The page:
GROCERY RUN

A guide to Palermo’s historic markets:

u Capo market

Capo is one of the oldest street markets in Palermo, and the city’s main fish market. It was founded by the Arabs in the 10th century and retains a distinctly Moorish feel.

Located behind Teatro Massimo, extending from Via Porta Carini to Via Volturno

u Ballarò market

Ballarò, also dating to the 10th century, is the longest street market in Palermo’s old city and also the most multicultural. Palermitans, Arabs, Africans and Bangladeshis work side by side; the food reflects the diversity.

Via Ballarò in Albergheria

u Vucciria market

Vucciria was founded in the 13th century during the brief but oppressive Angevin French regime and now sells food items and household bric-a-brac. The 700-year-old daily market is largely fading today, but at sundown many restaurants and cafes open up in its narrow alleys.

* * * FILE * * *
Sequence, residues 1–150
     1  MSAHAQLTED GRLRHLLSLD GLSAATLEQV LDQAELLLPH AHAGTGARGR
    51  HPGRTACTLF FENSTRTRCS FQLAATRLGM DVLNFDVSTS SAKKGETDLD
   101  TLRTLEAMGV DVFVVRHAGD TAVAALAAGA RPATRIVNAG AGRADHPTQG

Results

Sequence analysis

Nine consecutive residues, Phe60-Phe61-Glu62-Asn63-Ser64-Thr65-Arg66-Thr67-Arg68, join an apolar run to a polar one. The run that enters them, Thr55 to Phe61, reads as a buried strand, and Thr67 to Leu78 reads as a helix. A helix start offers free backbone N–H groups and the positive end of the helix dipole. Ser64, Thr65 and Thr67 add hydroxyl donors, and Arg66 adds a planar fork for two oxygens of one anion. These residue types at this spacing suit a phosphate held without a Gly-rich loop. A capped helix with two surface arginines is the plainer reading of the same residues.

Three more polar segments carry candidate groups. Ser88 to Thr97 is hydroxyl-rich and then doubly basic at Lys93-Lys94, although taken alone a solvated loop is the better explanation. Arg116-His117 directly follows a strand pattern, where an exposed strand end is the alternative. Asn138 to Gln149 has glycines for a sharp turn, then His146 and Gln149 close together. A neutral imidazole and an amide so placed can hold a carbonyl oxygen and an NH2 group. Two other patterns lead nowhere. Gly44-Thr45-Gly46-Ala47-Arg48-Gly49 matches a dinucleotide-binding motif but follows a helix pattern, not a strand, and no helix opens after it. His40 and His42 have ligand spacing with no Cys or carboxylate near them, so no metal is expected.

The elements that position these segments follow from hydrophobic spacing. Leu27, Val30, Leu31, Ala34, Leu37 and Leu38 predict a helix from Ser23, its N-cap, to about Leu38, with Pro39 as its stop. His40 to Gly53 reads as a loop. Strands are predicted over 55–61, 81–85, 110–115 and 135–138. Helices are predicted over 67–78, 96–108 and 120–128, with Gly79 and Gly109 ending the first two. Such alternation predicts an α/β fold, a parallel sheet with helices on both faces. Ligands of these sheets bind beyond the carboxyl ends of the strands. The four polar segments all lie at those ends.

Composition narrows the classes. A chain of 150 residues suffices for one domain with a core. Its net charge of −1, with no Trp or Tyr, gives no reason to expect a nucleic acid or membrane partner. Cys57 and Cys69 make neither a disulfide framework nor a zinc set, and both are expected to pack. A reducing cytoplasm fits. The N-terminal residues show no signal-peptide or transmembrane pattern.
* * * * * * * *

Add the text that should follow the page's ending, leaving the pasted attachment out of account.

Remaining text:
Piazza Caracciolo, 1

All markets are open seven days a week, from 8am-2pm. The Ballarò market is open till 8pm on weekdays. All markets are best visited in the morning, before noon. At Vucciria, the party lasts all night long, starting at 7pm, especially on Fridays and Saturdays

The StrEat Palermo tour takes 4 hours in autumn-winter, and is priced at €39 (around Rs.2,600). The summer tour is 3 hours, and is priced at €30. For details, visit www.streatpalermo.it/en

For previous stories in the Foodprint series, click here.